Thursday, June 18, 2009

The Stakes

posted by Armadillo Joe

Right on cue, just as I'm continuing to plow my way through Pearlstein's book on Goldwater and writing vague & incoherent rants about an ongoing right-wing conspiracy dating back to the 1940's and early 50's and running right on up to today -- right now this very moment, even -- to undermine the America we all know and love, I go and read a blog post that sums the whole situation up better than I ever have or could.

He somewhat cheekily refers to his website as "Der Stiftung Leo Strauss" ("the Leo Strauss Foundation") as in Leo Strauss the "Jewish Nazi" -- a villain in American history you should know about, if you don't already. He also seems to be some kind of Washington insider, I think, because he refers to conversations he's had with members of Congress in their offices. His vision of America is rather dark, which naturally grabbed my attention, and he has little use for the majority of politicians and pundits who still treat this whole process we call "politics" as a mere parlor game with not the slightest clue as to the actual stakes. He persuasively argues that this thing called the GOP "Base" or sometimes "movement conservatism" is in fact an entity apart from the "conservative base" which is itself a separate entity from the GOP. His imagery is spot-on:
The Movement is the controlling parasite astride its enfeebled Republican host.
Our Ruling Class, though, whether pundits or politicians, either don't get the stakes or they do and don't care, because...
Seemingly bright ‘mainstream media’ still do not understand the dichotomy. Or its implications. They still treat ‘Republicans’ and Democrats as equivalent political actors playing the same game by the same rules for the same prizes. As long as relative neophytes view politics in this prism, the Movement wins.
One side thinks we're all playing a gentlemanly round of paintball on a paintball court while the other shells the whole damned town with live artillery. Or, if you will, one side keeps bringing a knife to a gun fight. Whether Emmitt Till or JFK or Dr. George Tiller of Wichita, Kansas, how many people have to get shot down before we realize the other side isn't fucking around, that they actually want us dead?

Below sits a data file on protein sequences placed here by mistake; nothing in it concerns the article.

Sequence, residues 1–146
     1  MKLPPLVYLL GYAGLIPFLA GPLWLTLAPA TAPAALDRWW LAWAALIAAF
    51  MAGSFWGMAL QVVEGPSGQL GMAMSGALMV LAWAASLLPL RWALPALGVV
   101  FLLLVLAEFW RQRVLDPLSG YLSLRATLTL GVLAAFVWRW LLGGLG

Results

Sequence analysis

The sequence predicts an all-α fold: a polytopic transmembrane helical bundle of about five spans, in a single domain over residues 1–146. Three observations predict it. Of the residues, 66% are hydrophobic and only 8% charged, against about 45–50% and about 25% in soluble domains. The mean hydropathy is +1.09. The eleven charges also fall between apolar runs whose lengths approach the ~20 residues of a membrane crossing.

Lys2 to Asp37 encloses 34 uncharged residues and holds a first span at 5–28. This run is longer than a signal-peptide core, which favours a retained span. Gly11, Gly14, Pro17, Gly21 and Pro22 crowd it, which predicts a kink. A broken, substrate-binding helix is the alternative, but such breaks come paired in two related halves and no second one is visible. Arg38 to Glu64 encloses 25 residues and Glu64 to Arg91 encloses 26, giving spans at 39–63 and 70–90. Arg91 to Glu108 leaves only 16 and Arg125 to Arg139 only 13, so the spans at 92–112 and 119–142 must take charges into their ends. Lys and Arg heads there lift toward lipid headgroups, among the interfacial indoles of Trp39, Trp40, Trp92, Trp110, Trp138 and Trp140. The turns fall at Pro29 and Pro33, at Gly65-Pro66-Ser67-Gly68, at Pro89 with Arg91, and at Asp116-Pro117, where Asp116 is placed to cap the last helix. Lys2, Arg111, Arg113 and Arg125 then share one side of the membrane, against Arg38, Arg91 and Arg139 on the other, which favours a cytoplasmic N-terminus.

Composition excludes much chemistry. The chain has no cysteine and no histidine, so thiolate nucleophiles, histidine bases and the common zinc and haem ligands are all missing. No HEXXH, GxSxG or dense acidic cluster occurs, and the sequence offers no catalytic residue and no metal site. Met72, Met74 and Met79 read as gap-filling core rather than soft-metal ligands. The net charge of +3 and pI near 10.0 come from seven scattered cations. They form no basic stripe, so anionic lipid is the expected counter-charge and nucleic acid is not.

the Movement within the conservative base always plays a different game for a different prize. The Movement may speak in normal political talking points from ‘Republican’ institutions. Yet is is not committed to Dahl-esque pluralistic politics. It has has never sought compromise or ‘moderation’. That’s because for the Movement, politics is existential warfare. Compromise is defeat.
I have tried at this blog and elsewhere to paint the Big Picture by arguing against the D.C. Establishment's cherished notion of bi-partisan centrism -- a notion that seems to soothe the tortured souls of our nation's punditocracy, worshipping as they do the blessed and elusive "middle" where one finds both moderates and roadkill. Choosing sides between the different parties is manifestly not like selecting a red car or a blue car, as though each is essentially the same in purpose and function and the selection is one of mere aesthetics and personal taste -- country music versus jazz, Dallas & Atlanta versus New York & San Francisco, BBQ versus granola and yogurt, Dunkin' Donuts versus Starbucks, beer versus wine. It's a little bit of regionalism, it's a little bit of ethnicity, it's a little bit of class and socio-economic status, but in the end we're all Americans and we all want the same things even if we disagree about process, right?

For the Movement ... politics is existential. And when survival is on the line, pluralistic compromise is for chumps. Democrats still are playing for political advantage within the confines of traditional two party politics. ... When the other side’s world view is existential, then the stakes are higher than something so trite as the Constitution.
The idea that one group may laugh at Larry The Cable Guy jokes and the other at Woody Allen movies, yet both love America and want it to succeed for all Americans, is silly and laughably naive. Such pablum may make for pat and comforting answers to gullible people who think we're all in this together as Americans and we just have different ideas about how to get there, but it's useless when steeling yourself for attacks from the other side, attacks not merely intended to wound, but to mortally wound. Digby calls this vague sense of "our side/their side" American Tribalism and I think the embrace of those outward trappings is an important component of the divided American soul, but more as external signifiers to fellow tribe members than any instrinsic affinity for the actual things embraced.